Sharma and Pujara centuries all but sink Windies

India

Fine centuries from Cheteshwar Pujara and Rohit Sharma and the retiring Sachin Tendulkar's parting 74 afforded India a hefty total of 495 all out – and a lead of 313 – before three early wickets left the West Indies reeling on 43 for three.

Fine centuries from Cheteshwar Pujara and Rohit Sharma and the retiring Sachin Tendulkar's parting half-ton afforded India a hefty total of 495 all out – and a lead of 313 – before three early wickets left the West Indies reeling on 43 for three – on day two of the second and final Test at the Wankhede Stadium in Mumbai.

Plenty of fanfare continued on Friday, when Tendulkar resumed on an unbeaten 38. While a celebratory century wasn't to be, a characteristically wristy 74 – lined with magnificent timing and outstanding placement – obliged millions of adoring fans countrywide.

Proceedings, ultimately, were dominated by Sharma and Pujara. Insisting the future of the Test team is in good hands despite the relatively recent retirements of veterans Rahul Dravid and VVS Laxman – and now Tendulkar – the pair were genuinely superb.

What Pujara's 113 offered in maturity, Sharma's 111 not out professed in adventure. The duo struck 23 boundaries and three sixes between them, and capitalised on plenty of poor deliveries.

Indeed, only spinner Shane Shillingford was spared. The slow bowler clinched a record fifth consecutive Test five-wicket haul. Captain Darren Sammy, meanwhile, became the first West Indians to take a quintet of catches in a single innings.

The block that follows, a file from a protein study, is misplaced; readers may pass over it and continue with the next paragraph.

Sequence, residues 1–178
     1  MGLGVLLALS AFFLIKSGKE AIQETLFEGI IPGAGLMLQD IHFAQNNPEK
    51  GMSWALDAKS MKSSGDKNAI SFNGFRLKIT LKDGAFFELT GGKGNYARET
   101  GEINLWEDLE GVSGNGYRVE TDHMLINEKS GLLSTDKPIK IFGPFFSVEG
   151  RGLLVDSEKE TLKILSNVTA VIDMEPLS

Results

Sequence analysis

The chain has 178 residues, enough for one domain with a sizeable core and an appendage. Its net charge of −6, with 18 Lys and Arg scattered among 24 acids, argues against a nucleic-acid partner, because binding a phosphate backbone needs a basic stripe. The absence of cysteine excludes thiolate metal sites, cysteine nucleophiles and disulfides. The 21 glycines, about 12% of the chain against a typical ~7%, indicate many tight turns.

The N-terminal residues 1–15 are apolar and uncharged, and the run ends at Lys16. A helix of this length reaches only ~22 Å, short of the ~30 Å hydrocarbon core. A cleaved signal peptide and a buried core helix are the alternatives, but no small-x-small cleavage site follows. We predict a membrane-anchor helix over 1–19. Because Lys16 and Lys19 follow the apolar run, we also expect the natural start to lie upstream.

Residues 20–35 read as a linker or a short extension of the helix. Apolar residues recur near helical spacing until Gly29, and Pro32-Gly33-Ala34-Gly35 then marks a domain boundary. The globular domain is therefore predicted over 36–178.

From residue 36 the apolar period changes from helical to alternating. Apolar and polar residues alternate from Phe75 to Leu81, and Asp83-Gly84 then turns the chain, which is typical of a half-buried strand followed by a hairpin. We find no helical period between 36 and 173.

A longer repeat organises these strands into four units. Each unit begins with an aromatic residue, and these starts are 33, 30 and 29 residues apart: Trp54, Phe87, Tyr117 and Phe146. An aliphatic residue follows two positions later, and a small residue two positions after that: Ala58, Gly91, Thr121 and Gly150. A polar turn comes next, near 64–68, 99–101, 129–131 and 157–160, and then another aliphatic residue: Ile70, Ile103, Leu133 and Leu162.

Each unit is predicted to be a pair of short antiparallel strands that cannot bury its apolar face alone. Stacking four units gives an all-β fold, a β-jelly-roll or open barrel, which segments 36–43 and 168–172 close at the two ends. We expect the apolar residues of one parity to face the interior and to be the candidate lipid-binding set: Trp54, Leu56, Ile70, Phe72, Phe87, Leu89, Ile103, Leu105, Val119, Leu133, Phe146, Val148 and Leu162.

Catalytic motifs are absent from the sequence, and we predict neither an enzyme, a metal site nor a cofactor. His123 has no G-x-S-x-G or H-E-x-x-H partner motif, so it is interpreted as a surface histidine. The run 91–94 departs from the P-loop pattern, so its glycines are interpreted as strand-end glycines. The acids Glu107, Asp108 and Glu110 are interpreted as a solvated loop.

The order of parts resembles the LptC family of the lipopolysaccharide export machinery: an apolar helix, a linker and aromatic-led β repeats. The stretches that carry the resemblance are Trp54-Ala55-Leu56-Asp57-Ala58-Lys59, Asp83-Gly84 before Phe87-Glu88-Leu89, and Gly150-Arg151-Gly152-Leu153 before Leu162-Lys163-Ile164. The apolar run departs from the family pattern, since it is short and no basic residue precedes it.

India's formidable final tally, in fact, would have read considerably less – were it not for an 80-run stand for the last wicket between Rohit and tail-ender Mohammad Shami. Sharma shepherded the number 11 perfectly, while the Shami's stay was long enough to bring Rohit three figures.

The West Indians' response was riddled with a lack of discipline, epitomised by opener Kieran Powell's impatience, which afforded long-off fielder Ravichandran Ashwin a simple catch. Nightwatchman Tino Best didn't last long either.

The final blow, one which all but signaled the beginning of the end for the Windies come Saturday, was landed when the left-handed Darren Bravo perished to Ashwin's turn. The belligerent Chris Gayle remains, but with little support to flank his effort, defeat within three days probably awaits.

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